It was very difficult to remain in that position and if we fell to the side or moved, the armed men standing over our heads would beat us mercilessly with their army boots, kicking us in our back and kidneys. We were all beaten, without exception.

The man also said that he and other prisoners were beaten when they arrived in Kandahar:

Our eyes were closed [blindfolded] while we were getting out of the helicopter at the Kandahar airbase. One man pulled me up by my arm and threw me down the stairs, and then made me to lie down on the ground with my face upward.

We did not have the right to move, and if we did we were beaten. Other people were beaten. . . .

When we were in Kandahar, we were not allowed to talk with each other and if we did, we were beaten and we were not allowed to sleep. For instance, if we were sleeping we were waken up or if we were covering our head with our bed cover we were beaten strongly.

They would kick and punch us. To tell you precisely they were behaving rudely with us.

The man also said that he and other prisoners were occasionally taken outside and forced to lie on the frozen ground until they were numb with cold.95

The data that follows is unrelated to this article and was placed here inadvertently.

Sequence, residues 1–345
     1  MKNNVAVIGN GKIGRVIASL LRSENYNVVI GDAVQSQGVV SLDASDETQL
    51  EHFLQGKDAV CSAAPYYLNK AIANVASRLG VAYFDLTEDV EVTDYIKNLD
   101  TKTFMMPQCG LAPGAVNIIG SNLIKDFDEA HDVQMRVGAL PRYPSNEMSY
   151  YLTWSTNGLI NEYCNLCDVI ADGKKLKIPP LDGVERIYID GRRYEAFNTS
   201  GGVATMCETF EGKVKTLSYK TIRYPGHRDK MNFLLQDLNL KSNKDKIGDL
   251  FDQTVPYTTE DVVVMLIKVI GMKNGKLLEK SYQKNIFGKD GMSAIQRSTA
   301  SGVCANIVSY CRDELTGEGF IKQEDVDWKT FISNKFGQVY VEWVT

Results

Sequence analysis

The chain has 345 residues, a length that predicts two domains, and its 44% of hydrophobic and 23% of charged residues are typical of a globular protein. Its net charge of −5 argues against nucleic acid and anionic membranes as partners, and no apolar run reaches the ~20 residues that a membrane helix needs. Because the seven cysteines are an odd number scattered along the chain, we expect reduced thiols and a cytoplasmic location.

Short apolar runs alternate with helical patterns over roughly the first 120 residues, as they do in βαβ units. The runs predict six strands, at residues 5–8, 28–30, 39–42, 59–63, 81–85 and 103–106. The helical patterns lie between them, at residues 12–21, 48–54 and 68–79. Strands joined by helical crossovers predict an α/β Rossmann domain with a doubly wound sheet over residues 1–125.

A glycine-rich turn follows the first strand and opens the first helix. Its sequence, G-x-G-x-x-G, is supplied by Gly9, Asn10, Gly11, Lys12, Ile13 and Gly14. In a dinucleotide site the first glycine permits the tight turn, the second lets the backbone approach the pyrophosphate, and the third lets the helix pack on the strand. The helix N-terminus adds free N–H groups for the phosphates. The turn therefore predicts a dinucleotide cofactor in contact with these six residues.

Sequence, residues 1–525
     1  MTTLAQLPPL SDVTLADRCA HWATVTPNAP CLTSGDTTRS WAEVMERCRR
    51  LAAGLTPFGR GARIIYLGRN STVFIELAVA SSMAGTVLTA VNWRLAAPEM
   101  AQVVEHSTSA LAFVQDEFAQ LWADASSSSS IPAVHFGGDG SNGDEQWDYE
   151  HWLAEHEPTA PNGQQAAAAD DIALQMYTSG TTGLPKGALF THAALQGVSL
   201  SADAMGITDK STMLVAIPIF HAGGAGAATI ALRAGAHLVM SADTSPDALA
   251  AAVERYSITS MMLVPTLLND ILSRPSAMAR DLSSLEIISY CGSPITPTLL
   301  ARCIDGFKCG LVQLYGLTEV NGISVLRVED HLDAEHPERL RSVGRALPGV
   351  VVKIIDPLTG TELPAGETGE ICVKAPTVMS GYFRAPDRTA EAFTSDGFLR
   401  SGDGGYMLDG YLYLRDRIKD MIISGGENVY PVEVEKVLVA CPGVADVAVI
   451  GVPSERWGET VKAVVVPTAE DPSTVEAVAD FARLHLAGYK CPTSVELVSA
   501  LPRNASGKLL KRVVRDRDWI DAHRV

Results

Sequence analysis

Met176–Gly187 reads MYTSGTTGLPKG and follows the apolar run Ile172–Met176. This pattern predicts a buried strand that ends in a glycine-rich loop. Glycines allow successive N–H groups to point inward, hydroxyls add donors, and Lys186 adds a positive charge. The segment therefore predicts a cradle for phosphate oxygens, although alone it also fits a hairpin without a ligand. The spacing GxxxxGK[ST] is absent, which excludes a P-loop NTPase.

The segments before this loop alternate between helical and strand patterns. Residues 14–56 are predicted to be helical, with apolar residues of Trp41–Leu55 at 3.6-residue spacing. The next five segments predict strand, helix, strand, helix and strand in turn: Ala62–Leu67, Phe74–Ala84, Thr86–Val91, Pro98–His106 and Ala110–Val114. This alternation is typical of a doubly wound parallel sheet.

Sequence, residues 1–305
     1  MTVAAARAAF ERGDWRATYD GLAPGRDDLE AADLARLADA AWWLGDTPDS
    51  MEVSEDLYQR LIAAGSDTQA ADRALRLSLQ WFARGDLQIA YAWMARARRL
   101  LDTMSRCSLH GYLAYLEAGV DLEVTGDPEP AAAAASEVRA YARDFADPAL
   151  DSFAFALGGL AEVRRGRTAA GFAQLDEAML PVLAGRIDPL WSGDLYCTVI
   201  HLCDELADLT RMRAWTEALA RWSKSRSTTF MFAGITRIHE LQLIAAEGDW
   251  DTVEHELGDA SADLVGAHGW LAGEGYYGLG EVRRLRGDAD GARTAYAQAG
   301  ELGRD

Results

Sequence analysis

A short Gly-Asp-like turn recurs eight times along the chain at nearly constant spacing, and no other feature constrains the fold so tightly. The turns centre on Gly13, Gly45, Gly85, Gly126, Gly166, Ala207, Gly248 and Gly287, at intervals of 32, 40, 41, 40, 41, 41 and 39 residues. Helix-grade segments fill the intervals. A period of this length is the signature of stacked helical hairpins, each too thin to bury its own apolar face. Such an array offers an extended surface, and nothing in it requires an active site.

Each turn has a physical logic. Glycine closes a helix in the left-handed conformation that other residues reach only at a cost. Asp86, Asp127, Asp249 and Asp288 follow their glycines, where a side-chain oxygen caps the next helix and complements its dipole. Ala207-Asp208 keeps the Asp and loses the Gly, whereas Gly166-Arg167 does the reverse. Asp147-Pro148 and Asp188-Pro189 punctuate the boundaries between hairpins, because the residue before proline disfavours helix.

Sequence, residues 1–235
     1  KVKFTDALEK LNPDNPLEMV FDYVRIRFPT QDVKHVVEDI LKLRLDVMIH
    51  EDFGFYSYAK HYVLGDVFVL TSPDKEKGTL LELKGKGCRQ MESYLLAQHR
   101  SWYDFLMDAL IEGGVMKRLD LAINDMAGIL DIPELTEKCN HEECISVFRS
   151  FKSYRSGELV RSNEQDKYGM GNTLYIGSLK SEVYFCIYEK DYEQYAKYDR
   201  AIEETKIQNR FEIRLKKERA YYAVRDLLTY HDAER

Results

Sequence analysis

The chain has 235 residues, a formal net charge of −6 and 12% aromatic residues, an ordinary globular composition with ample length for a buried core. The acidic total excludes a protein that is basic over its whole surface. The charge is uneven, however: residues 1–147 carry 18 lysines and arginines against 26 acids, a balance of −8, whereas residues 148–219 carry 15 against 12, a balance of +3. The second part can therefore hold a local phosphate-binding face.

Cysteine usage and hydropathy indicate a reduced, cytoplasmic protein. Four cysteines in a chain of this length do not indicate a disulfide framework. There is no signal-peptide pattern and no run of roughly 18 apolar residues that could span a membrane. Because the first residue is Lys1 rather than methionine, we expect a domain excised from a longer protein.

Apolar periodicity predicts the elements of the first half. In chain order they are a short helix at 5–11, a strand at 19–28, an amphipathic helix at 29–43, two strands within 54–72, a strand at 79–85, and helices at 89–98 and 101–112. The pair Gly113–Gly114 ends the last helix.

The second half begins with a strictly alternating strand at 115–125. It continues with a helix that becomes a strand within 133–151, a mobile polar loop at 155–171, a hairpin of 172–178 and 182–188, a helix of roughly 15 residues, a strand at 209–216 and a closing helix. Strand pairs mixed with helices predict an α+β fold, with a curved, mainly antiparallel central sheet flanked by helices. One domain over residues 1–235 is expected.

Another Pakistani man, who was arrested in Pakistan by U.S. forces and taken to Kandahar in early 2002 (he was later sent to Guantanamo and was released in 2003), said he was beaten during an interrogation at Kandahar:

My hands were handcuffed in my back. There I was beaten for the first time by the Americans. They made me lie down on a table with my face down, while two persons held me, one at my neck and the second at my feet. Both pressed me down hard on the table, and two others beat me on my back, my thighs and my arms with punches and their elbows. The beating lasted five or six minutes. Then the interrogations started and lasted for half an hour. I was standing the whole time.96

The man said he was beaten again at Kandahar in a holding cell, along with other prisoners, before being taken to Guantanamo.

Persons taken into custody after a raid in January 2002 provided other details of mistreatment at the Kandahar airbase. On the night of January 24, 2002, U.S. forces attacked two government buildings in Khas Uruzgon, a small village in eastern Uruzgon province, and mistakenly killed several anti-Taliban fighters who were assisting U.S. forces.97 U.S. forces destroyed a school in the attack, killing 19 soldiers and Afghan government employees who were with them. U.S. forces took into custody twenty-seven anti-Taliban fighters and government workers and transferred them to Kandahar airbase, where they were held for several days.

Several of these detainees said that they were kicked and punched repeatedly by U.S. forces after they arrived, and suffered broken bones that went untreated. Several were beaten until they were unconscious. Among those beaten was an elderly man, who had his hand broken. Others reported being kicked in their ribs and heads.98